I was recently reminded about the origins of the Nazi swastika, ironically enough, during the Cincinnati funeral service of my dear friend, Georgetown classmate, lawyer and patriot Mitchell Dale, who died last summer. Looking down during a prayer, I was startled to see the Hindu version of the symbol in a mosaic imbedded in the church floor.
Oddly, the pastor and mourners weren’t arrested.
Yet last month, an unnamed Jewish student placed a small, bronze, Indian swastika on the bulletin board of his Jewish fraternity, Zeta Beta Tau, in the university’s International House. The building had recently been the target of an unidentified vandal who drew three swastikas on the walls. After posting the swastika, the student stayed close to the bulletin board, intending to discuss it and the previous vandalism with observers. He briefly stepped away, unfortunately for him, and during that period a member of the student’s fraternity saw the swastika and called GWU’s campus police. They filed a report and took the swastika as evidence. When the student found out the police had been called, he immediately came forward to authorities and said that he had posted the image to spark a conversation about the ancient symbol, cultural appropriation, messages, perception…as in what used to be called “education.” He said he did not intend to offend anyone, noting in doing so that this was an Indian swastika, not a Nazi one. He had just returned from studying religion in India, and said he became fascinated by the idea that a symbol that was not one of hate could become so defined by hate.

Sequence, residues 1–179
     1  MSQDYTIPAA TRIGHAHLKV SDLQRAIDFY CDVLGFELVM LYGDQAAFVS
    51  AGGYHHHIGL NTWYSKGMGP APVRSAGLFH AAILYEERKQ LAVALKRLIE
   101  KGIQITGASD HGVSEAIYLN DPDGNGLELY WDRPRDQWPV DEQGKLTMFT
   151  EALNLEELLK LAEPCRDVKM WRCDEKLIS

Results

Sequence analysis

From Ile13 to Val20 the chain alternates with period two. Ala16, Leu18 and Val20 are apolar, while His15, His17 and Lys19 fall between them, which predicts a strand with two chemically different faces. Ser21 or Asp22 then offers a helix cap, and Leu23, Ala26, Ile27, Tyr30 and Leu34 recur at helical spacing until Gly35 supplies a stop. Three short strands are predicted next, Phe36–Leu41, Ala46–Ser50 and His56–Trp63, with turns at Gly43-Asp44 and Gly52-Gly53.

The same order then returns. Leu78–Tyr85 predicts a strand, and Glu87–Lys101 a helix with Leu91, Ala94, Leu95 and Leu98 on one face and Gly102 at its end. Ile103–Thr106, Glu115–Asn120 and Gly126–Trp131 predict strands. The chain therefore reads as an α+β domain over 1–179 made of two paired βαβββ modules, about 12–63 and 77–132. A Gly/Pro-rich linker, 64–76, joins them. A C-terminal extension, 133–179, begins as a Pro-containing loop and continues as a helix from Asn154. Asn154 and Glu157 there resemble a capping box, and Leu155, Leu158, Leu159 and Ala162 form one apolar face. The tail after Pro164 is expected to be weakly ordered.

GWU suspended the student and evicted him from university housing pending the outcome of five disciplinary charges. The university also kicked him off campus, and referred the incident to the District of Columbia police for investigation as a potential “hate crime.” He could face expulsion.
1. FIRE, Freedom for Individual Rights in Education, is on the case. Thank you, FIRE. FIRE Program Officer and attorney Ari Cohn wrote,
“GWU may not ignore thousands of years of history and effectively forbid all uses of the swastika because it was used by Nazi Germany. It’s ironic that the charges against the student illustrate the very point he was trying to make in the first place—that context is important and there’s much to be learned about the history of the swastika.”
2. Now the Hindu American Foundation is protesting as well. This is the wonderful aspect of diversity, and a warning to institutions and diversity hounds that diversity must cut in all directions, or is a sham. It is discriminatory for a university to demonize and censor an aspect of a world religion’s symbology and culture. Do you think the administrators at GW sufficiently understood this, or just didn’t care, going with what they perceived as the most powerful interest group?
3. The George Washington fiasco comes in the wake of other colleges responding to anti-Semitic swastika vandalism, but that shouldn’t have mattered. Continue reading